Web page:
Salt Cell FAQ
Salt water chlorine generator systems are an increasingly popular method of sanitizing pool water, and for good reason. Not only do they provide a natural alternative to chlorine tablets, but some argue they may also provide a more comfortable swimming experience. If you’re one of the many pool owners who currently have a salt system, or if you’re thinking about switching to salt chlorination, you may have asked yourself about the cell at one point or another. In this post, we'll cover the 7 most common questions we hear about salt cells.
1. How Does a Salt Cell Work?
Salt cells produce chlorine through a process called electrolysis. To put it simply, the salt suspended in the water passes through electrically charged plates inside the salt cell. The resulting reaction splits the salt molecule and generates pure chlorine, which sanitizes the water.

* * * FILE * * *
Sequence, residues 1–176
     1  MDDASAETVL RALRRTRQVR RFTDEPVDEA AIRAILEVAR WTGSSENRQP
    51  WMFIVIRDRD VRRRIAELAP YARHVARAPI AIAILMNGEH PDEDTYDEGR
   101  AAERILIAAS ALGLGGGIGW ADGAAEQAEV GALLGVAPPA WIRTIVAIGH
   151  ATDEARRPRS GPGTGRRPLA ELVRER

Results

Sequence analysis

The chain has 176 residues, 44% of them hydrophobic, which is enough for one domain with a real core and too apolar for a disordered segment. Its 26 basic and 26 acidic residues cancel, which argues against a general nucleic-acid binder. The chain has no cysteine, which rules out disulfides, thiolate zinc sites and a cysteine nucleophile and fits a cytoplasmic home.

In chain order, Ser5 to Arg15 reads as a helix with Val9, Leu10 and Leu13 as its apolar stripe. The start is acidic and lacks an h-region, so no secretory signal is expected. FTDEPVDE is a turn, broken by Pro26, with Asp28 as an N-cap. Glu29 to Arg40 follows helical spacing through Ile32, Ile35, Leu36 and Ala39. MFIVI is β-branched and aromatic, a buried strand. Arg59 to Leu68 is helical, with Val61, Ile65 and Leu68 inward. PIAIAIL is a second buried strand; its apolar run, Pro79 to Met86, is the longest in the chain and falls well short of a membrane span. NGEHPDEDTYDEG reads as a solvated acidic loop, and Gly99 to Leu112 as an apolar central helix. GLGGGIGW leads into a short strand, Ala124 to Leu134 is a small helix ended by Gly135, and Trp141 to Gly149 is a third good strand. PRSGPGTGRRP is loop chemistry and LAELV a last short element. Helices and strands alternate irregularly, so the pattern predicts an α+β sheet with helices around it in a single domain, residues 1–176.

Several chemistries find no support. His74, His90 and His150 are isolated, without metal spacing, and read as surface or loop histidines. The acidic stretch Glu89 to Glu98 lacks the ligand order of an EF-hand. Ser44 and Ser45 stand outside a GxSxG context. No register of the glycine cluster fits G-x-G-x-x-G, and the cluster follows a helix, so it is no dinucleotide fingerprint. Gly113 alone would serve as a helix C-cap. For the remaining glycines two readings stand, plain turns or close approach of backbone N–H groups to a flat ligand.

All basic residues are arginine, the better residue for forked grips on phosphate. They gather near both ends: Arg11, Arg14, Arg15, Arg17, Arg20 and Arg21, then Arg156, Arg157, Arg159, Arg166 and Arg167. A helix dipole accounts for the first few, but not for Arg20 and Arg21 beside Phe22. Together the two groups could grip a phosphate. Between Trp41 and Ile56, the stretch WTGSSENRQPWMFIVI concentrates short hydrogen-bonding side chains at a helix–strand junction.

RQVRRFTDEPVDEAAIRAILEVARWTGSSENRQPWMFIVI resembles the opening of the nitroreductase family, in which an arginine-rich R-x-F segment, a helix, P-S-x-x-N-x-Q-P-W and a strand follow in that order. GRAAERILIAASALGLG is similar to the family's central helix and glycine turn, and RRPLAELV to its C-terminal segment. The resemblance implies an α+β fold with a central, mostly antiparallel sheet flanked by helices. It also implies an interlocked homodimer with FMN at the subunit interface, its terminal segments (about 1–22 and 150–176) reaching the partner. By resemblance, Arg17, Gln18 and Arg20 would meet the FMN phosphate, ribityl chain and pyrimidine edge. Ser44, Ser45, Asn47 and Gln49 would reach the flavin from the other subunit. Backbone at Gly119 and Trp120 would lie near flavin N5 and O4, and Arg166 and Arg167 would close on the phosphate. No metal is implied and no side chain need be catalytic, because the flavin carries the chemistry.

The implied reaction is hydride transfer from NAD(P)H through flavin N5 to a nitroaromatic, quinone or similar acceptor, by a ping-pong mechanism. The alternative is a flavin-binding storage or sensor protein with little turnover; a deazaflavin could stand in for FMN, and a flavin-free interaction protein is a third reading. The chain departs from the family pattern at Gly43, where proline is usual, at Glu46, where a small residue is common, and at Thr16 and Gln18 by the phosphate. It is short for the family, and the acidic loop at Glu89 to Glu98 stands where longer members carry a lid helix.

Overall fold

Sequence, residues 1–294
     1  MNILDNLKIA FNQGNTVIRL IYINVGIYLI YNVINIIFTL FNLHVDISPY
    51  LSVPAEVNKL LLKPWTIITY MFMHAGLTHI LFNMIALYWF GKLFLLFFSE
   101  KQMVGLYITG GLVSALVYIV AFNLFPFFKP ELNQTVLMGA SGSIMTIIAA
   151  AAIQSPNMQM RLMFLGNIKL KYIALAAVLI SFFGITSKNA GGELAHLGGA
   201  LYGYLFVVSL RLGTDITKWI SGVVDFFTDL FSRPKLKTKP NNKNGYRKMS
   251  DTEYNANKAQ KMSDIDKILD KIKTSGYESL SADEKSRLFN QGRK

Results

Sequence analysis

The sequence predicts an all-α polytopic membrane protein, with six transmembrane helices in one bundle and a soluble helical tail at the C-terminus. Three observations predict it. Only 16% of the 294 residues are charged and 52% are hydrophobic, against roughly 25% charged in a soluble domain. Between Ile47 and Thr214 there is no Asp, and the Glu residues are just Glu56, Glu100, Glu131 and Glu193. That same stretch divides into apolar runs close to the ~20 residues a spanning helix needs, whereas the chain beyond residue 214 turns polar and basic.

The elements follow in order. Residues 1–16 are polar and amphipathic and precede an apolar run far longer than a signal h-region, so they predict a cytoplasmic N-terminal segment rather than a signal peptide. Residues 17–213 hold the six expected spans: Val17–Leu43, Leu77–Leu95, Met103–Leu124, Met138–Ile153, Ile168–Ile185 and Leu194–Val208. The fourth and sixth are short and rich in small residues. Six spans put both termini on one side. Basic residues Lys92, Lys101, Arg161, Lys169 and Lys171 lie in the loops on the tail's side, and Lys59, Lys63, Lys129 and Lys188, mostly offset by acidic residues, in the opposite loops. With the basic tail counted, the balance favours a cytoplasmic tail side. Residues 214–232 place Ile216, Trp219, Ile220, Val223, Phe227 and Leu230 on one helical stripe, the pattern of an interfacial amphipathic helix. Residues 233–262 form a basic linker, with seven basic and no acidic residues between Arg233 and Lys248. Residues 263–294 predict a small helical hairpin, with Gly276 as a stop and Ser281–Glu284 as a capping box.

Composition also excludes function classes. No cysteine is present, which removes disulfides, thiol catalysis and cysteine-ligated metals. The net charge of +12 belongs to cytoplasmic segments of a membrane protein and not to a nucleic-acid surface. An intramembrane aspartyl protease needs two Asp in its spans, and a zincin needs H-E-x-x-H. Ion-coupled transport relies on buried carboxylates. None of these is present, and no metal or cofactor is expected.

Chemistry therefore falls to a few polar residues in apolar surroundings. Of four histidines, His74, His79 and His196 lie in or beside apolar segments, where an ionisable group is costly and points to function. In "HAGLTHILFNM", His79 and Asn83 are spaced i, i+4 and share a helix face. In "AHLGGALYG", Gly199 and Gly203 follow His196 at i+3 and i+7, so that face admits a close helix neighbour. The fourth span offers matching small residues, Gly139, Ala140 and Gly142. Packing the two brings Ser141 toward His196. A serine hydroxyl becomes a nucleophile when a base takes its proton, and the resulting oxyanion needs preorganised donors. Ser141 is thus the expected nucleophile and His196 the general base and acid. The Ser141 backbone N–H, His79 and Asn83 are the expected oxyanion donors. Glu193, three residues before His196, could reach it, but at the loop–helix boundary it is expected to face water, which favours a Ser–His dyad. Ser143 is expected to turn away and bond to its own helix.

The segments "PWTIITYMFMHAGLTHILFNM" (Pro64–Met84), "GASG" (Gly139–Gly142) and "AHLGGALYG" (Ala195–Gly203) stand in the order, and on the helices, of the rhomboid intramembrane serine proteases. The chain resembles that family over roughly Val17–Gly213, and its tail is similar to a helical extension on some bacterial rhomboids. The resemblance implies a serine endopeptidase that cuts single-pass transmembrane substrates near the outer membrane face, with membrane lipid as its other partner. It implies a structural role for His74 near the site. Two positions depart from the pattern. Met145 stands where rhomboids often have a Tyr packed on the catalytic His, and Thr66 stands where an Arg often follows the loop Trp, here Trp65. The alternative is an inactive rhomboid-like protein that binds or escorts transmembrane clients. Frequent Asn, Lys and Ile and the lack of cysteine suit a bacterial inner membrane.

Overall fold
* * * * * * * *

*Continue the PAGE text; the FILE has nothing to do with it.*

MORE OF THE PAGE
2. Why Do Salt Cells Get Dirty?
Salt cells can develop white and flaky calcium scale buildup from a combination of factors. First, the plates generate heat, which can encourage calcium to fall out of solution and mineralize on surfaces. Second, salt water chlorine generators tend to increase pH levels in the pool, which can also promote increased scaling.
As with any other type of pool, maintaining proper water balance can help fend off issues with accumulating scale. Also check the condition of the cell regularly, according to manufacturer recommendations. For most salt cells, this is usually only a couple times per swim season. It’s important to keep track of scaling issues and keep the cell as clean as possible. Failure to do so will cause the cell to work harder than necessary, and ultimately leads to shortened cell life. When this happens, you'll need to purchase replacement cells more frequently.